Although fruit trees can be grown on their own roots, they are more often than not grafted onto a chosen rootstock (part of tree which includes the roots and the lower part of the trunk).
The rootstock will control the rate of growth of the tree, so you can choose a rootstock to produce a tree suitable for the position in which you plan to grow it.
You can choose rootstocks from those that produce large trees which are classed as vigorous, to those that produce much smaller trees (more suitable for training as a bush or even growing in containers) called dwarfing. Soil type also influences growth rate, with light sandy or chalky soils limiting growth more than clay-based ones.
As well as controlling height, a rootstock will also ensure that the tree comes into fruiting earlier in its life than if it was grown on its own roots.
There are many different rootstocks available for apples. The most widely available apple rootstocks are called 'M27', 'M9' and 'M26', and 'M106', producing trees of 1.5-1.8m (5-6ft), 2.4-3.6m (8-12ft) and 3.6-5.4m (12-18ft) tall respectively.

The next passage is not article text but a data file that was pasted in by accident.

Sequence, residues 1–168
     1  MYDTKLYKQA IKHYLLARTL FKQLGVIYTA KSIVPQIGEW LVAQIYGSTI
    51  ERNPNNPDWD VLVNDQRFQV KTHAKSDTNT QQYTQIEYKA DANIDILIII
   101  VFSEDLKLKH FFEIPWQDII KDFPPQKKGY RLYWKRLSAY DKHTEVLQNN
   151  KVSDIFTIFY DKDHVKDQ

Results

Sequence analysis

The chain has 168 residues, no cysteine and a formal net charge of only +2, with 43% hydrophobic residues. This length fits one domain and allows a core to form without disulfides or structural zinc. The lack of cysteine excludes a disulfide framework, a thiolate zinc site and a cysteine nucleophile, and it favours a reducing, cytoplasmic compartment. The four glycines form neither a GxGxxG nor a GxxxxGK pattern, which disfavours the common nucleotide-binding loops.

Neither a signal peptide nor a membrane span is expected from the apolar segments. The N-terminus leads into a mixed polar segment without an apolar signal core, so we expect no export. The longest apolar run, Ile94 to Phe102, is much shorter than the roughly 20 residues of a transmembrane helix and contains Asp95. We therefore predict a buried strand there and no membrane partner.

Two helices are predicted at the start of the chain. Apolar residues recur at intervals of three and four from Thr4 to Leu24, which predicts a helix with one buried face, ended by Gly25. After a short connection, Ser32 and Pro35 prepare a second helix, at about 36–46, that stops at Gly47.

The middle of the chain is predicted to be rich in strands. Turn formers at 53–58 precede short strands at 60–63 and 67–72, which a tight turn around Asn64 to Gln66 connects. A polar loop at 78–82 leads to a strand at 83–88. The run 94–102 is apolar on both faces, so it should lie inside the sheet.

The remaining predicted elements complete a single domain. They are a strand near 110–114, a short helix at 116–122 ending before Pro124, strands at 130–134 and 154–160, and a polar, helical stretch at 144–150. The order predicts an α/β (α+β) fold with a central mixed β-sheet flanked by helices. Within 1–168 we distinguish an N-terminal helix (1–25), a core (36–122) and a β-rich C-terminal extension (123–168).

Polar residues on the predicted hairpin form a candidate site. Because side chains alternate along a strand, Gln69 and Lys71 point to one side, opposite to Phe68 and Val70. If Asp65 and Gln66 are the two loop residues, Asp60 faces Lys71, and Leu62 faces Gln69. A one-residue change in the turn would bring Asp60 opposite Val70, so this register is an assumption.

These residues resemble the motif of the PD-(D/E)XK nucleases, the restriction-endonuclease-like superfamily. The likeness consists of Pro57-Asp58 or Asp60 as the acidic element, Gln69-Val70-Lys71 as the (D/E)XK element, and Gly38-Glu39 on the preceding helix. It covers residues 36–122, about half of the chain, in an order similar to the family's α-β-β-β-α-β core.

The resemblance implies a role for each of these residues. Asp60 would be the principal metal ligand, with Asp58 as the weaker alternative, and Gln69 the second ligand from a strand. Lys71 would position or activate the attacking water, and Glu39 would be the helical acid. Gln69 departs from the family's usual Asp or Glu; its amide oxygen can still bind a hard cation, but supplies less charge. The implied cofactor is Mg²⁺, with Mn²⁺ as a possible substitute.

'Quince A' is the most common rootstock for pears and will produce a tree between 3-6m (10-20ft). 'Quince C' is less common and produces a tree growing to 3-5m (10-16ft). Pears on 'Quince C' are slightly quicker to produce fruit.
Plums & gages
There are a couple of different rootstocks for plums. ‘Pixy’ is semi-dwarfing, ideal for pyramids and fans; ‘Ferlenain’ is similar to 'Pixy'; ‘St Julien A’ is semi-vigorous, useful for larger pyramids and fans; and ‘Brompton’ is vigorous and generally produces a tree up to 6m (20ft) tall.
The most commonly used rootstock for cherries is semi-vigorous 'Colt', which will restrict growth to about 6-8m (20-27ft). Semi-dwarfing rootstocks 'Gisela 5' and 'Tabel' will restrict the size to about 3-4m (10-13ft) making them suitable for growing as dwarf bush trees or possibly in a container.
RHS advice on choosing rootstocks